A Keyframe is defined as the starting and ending point of a transition. Within each frame are drawings, still images on a strip of film, and together form a fluid motion picture. However, A keyframe is more than what it is defined as. Each frame has a key, a purpose, that can paint a picture, and tell a story through timing and decision.
Process of working with keyframes to make the perfect bouncing ball animation
Life in Motion
I didn’t realize this until recently but I’ve been fascinated with motion design pretty much all my life. I spent a lot of my childhood watching cartoons and playing video games and I was really fascinated with the way things moved and how things were set up. One of my dream jobs was wanting to become a pro gamer. I think at the time this was because I wanted to get paid doing what I love. But now really analyzing why I loved gaming, besides winning, it was really about the experience of it all and the dynamics of everything. From opening game sequences that acted like mini movie openers, to the way certain objects in a game moved.
Title sequence concept for the lovely bones. All footage shot and edited by me. Including producing the music to go with the tone of the animation.
My love for gaming really contributed to my love for all things expressive and fun. A lot of my hobbies began to revolve around photography, shooting music videos, and just exploring different software and techniques. These avenues of expression, allowed me to tell stories through movement. Although photography is static, I often brought it to life through stop motion.
I predominately use Photoshop, After Effects, C4D, Premiere when creating motion projects.
Type | From Static to Motion
The great thing about motion design is the fact that you can take a concept to a whole other place and express so much more than the content physically says.
I love typography and often use it as a primary element in my work. I use extremely huge type, bursting into a scene to represent an overpowering character, and a light weight typeface, which fades in slowly to express a soft spoken character.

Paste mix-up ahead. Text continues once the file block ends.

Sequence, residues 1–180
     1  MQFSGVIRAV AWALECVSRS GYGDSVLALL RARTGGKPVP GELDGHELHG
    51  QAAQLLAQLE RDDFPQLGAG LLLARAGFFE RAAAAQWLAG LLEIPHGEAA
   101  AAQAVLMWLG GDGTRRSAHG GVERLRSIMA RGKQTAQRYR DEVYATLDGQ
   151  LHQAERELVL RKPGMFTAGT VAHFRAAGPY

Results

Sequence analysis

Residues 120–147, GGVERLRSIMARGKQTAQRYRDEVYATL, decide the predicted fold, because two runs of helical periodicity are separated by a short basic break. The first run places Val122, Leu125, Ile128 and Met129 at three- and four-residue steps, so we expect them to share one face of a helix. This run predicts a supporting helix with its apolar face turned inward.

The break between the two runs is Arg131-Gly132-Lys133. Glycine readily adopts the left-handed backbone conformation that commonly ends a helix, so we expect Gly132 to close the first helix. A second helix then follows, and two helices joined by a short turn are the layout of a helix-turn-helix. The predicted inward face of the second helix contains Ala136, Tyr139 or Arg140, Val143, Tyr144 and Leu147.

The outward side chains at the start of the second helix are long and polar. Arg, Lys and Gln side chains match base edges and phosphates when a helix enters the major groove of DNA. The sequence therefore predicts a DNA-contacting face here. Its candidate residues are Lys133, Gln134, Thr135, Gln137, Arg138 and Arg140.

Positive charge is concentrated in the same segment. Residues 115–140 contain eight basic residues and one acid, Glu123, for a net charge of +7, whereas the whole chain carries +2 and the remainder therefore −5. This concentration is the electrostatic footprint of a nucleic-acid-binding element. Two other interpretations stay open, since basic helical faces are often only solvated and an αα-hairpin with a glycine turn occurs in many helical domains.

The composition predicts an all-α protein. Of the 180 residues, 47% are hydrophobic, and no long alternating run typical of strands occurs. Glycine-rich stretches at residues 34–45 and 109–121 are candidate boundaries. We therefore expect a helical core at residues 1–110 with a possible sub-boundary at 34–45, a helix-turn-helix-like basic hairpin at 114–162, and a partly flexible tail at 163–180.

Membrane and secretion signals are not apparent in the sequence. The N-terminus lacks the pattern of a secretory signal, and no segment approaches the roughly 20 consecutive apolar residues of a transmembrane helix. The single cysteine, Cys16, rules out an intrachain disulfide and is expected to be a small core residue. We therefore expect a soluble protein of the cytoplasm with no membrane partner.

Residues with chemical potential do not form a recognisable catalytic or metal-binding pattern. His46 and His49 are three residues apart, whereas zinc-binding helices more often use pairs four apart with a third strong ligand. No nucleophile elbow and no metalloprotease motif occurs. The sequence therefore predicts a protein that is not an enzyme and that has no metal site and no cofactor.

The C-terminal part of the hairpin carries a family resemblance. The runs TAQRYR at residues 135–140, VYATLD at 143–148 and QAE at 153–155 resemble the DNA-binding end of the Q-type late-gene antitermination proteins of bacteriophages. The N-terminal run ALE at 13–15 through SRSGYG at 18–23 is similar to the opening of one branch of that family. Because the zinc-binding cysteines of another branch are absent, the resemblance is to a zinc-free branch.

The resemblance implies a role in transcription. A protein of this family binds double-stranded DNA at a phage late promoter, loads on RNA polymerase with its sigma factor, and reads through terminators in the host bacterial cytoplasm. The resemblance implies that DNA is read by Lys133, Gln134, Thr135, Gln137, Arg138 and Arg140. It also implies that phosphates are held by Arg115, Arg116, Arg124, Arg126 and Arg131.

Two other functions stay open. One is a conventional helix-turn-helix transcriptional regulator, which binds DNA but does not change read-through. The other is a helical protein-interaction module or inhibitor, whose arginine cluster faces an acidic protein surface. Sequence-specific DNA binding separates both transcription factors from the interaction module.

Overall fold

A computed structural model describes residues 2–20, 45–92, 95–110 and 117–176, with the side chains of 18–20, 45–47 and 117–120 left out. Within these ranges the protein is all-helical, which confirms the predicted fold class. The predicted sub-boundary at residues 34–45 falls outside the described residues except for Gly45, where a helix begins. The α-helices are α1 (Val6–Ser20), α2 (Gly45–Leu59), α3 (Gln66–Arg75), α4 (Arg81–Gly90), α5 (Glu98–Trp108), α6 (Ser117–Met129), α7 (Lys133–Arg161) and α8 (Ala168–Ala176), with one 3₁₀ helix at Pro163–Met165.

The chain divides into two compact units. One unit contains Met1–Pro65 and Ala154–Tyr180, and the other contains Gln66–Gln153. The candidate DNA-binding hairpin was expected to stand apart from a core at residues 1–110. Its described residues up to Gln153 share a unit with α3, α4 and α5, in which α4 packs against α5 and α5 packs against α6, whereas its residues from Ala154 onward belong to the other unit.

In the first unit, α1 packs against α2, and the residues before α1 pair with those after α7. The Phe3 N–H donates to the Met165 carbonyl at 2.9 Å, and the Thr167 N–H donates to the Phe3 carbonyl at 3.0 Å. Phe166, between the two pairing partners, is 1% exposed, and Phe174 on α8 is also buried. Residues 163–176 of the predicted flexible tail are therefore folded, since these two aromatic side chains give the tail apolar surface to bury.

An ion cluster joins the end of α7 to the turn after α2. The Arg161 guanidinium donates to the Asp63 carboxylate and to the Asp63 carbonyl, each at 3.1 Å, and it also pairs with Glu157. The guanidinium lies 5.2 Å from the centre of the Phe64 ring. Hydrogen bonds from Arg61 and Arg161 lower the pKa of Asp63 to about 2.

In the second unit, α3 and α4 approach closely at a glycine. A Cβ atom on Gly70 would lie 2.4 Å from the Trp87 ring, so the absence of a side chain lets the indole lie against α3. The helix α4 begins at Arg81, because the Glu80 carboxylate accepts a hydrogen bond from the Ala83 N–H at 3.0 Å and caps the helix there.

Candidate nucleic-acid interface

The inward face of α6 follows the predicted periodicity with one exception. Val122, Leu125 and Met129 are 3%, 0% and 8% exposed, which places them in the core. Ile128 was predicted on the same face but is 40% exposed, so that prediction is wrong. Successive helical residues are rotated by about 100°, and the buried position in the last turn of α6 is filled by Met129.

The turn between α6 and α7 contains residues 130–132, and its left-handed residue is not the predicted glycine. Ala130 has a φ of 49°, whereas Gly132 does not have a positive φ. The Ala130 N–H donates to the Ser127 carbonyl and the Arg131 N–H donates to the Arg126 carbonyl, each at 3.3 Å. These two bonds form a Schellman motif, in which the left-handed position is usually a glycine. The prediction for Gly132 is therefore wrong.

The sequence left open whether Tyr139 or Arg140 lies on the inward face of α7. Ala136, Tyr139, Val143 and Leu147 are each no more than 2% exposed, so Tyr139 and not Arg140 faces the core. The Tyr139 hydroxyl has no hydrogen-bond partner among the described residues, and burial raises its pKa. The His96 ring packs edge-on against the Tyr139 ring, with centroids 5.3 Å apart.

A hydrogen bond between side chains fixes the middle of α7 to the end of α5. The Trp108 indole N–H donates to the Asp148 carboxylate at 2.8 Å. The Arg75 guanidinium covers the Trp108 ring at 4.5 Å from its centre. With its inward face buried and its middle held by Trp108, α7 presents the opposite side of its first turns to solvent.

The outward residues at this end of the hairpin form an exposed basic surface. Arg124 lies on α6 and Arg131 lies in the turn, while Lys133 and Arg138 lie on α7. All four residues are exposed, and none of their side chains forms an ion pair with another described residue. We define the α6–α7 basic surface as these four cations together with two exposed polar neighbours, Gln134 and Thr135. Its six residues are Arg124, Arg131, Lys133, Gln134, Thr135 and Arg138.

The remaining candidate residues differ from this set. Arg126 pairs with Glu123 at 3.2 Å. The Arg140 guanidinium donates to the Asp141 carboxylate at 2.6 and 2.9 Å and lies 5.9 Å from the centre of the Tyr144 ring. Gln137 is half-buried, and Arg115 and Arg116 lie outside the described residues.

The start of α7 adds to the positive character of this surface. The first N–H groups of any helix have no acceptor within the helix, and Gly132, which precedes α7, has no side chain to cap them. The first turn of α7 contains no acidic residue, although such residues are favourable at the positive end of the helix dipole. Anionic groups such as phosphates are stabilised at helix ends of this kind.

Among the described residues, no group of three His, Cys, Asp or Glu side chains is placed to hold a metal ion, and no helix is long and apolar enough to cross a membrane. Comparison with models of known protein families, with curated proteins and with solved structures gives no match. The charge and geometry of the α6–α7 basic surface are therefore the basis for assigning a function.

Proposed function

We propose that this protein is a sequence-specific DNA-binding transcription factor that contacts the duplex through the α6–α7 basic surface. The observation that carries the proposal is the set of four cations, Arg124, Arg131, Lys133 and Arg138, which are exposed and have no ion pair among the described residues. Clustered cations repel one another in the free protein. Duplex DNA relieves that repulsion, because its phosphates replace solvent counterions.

The combination of type selection, weight, size, and the timing used for the type coming into the scene, adds so much characteristic to the work. You don’t necessarily need images to get the message across.
Movement as Expression
The way an element is keyframed can be the difference between how heavy or light an object is, and how angry or happy a word is intended to convey.
I am a little obsessive when it comes to really figuring out how something is animated.
I can often watch an opening title sequence and calculate how they could have possibly executed it. It’s pretty mind blowing. I sometimes even attempt to dive in with no preliminary research and it is almost always a fail. Which is why I’ve come to love and appreciate the process.
Type experiment, using shapes and shadows to form the letter i
For a long time I would skip out on planning what I wanted to create. I would just have a vision of what I wanted the end product to be and just do it. When I finally started really thinking about what I was doing, and why, and laying things out in storyboards, stylesheets, and motion tests, my work improved, and my workflow has become a lot faster.
StoryTelling + Visual Language
One of my favourite parts about creating an animation is coming up with a story that is more than the content it is created for. Especially with taking work that is static and transitioning it into a motion piece it allows me to share more information in a more fluid visual language; while still having everything be cohesive.
My motion interpretation of the poem written by Helen Knott about the missing and murdered indigenous women
Motion Design & UX
A lot of the animating I have been working on is more for things like title sequences, and just overall expressive, experimental processes. I want to expand on the use of the techniques I often use for a more user geared purpose. For instance an app walk- through, or a fun creative map animation for an event.
Women in Motion
It is very clear to me that Motion, is a very male-dominated medium. As I lurk through tons of youtube mograph tutorials, I’ve only come across less than a handful of female motion designers sharing what they know. Michael Jones, founder of Mograph Mentor, says it best
If our goal is to speak most broadly to the world around us, then an absence of female voices seriously hurts us.
I hope to be the change I want to see, and contribute great work in the motion design world.